Many people are concerned with the persistent rise in medical costs. But as long as medical services are delivered (for the most part) by people, economic theory tells us that rising costs are normal: As technological progress makes the production of goods less expensive, the production of services becomes comparatively more expensive. Of course, technological progress can also occur with the delivery of services. A good example is the introduction of ATMs, which have dramatically reduced the cost of simple bank transactions.
The delivery of medical care has not (yet) seen such cost-saving technological advances; hence, its relative costs continue to generally increase, in line with basic economic theory. But the pace of that increase may differ under different circumstances. In international comparisons, health care delivery operates under vastly different market mechanisms. The graph above shows inflation for hospital stays in four countries: the United States, where health care is largely privately provided and paid for (except for the poorest and for retirees); the U.K. and France, where health care is provided and paid for by the state; and Switzerland, where people must enroll in private, but regulated, health insurance (not unlike Obamacare).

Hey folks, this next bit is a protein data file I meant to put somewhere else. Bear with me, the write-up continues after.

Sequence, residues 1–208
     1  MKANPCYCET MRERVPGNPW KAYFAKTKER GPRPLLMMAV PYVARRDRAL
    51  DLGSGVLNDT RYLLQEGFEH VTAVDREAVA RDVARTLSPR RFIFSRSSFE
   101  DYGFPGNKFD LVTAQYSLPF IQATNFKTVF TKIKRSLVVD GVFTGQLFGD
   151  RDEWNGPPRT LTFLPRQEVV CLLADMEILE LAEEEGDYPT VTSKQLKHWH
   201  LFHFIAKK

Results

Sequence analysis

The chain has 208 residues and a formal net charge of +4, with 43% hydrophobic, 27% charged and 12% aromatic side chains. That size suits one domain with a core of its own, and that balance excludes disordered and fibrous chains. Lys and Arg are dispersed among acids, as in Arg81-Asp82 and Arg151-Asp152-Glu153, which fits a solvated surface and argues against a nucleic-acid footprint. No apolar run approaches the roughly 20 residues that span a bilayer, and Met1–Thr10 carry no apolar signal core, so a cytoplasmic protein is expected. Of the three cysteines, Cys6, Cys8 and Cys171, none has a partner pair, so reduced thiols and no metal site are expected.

Surprisingly, the inflation experience is remarkably similar in the U.K. and the U.S., despite having health care institutions that are polar opposites. France shows much less inflation, and Switzerland even shows some deflation. Note that general inflation was similar in all these countries over this period, so dividing each hospital price index by the corresponding general price index yields a similar picture—shown in the graph below. But keep in mind that these are just four examples, and many other factors may matter. So, one shouldn’t generalize from such a small sample. But one also shouldn’t say that health prices always go up.
How these graphs were created: Search for “hospital CPI,” check the series you want, and click on “Add to Graph.” From the “Edit Graph” section, open the panel with the U.S. series and set the units to 100 for 2015-01-01 to match the other series. Finally, start the sample period on 2001-01-01. For the second graph, add to each line a second series (the CPI for the U.S., the harmonized consumer price index for all items for the other countries), apply formula a/b, and set the units to 100 for 2015-01-01.
Suggested by Christian Zimmermann.